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Neurosci Res. 2015 Jun;95:66-73. doi: 10.1016/j.neures.2015.02.001. Epub 2015 Feb 12.

Brief fear preexposure facilitates subsequent fear conditioning.

Author information

1
Graduate School of Pharmaceutical Sciences, University of Tokyo, Tokyo 113-0033, Japan.
2
Graduate School of Pharmaceutical Sciences, University of Tokyo, Tokyo 113-0033, Japan; Center for Information and Neural Networks, Suita City, Osaka 565-0835, Japan. Electronic address: ikegaya@mol.f.u-tokyo.ac.jp.

Abstract

Post-traumatic stress disorder (PTSD) is an anxiety disorder that occurs following an unexpected exposure to a severe psychological event. A history of a brief trauma is reported to affect a risk for future PTSD development; however, little is known about the mechanisms by which a previous trauma exposure drives the sensitivity to a late-coming trauma. Using a mouse PTSD model, we found that a prior foot shock enhances contextual fear conditioning. This shock-induced facilitation of fear conditioning (i.e., priming effect) persisted for 7 days and was prevented by MK801, an N-methyl-D-aspartate receptor antagonist. Other types of trauma, such as forced swimming or tail pinch, did not induce a priming effect on fear conditioning. Thus, a trauma is unlikely generalized to modify the sensitivity to other traumatic experiences. The behavioral procedure employed in this study may be a useful tool to elucidate the etiology of PTSD.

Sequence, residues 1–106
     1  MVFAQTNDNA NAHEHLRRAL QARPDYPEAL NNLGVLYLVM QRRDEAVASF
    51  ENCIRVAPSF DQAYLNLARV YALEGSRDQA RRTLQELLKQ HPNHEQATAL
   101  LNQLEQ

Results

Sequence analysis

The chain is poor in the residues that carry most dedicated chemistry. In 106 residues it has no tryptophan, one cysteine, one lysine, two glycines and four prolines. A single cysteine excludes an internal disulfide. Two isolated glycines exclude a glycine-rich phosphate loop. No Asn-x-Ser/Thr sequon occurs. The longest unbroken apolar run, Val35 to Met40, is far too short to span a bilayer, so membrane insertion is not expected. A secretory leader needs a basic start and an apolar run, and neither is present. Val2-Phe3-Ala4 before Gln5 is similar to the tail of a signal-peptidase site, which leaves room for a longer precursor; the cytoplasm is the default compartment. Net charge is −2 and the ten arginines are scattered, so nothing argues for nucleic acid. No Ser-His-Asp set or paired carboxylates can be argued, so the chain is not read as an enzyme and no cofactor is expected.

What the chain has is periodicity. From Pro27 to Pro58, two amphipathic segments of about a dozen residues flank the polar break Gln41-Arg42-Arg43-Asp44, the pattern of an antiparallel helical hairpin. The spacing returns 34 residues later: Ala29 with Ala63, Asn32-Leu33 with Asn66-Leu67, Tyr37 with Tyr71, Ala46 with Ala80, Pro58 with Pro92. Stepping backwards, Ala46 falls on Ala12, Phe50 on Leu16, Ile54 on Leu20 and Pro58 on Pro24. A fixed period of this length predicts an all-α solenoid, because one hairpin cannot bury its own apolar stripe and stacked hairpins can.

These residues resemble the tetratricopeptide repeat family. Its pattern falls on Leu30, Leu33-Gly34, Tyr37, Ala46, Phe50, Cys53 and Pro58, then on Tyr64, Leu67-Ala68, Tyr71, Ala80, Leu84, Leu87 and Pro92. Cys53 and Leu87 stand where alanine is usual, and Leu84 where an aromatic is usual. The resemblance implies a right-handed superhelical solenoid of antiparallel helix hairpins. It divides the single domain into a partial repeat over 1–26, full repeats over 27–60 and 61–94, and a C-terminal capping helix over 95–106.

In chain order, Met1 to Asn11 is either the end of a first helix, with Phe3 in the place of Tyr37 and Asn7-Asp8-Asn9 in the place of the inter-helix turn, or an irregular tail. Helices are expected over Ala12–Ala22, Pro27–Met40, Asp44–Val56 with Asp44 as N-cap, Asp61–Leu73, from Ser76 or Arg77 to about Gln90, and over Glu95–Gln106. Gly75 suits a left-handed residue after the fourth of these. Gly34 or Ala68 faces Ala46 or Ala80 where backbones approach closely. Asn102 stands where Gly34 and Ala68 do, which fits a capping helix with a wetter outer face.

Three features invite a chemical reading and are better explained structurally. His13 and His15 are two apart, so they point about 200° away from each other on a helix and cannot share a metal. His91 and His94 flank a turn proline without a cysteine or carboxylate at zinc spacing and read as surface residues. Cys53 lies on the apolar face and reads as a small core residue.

KEYWORDS:

Fear conditioning; Mouse; N-methyl-d-aspartate receptor; Post traumatic stress disorder; Trauma

PMID:
25683290
DOI:
10.1016/j.neures.2015.02.001
[Indexed for MEDLINE]

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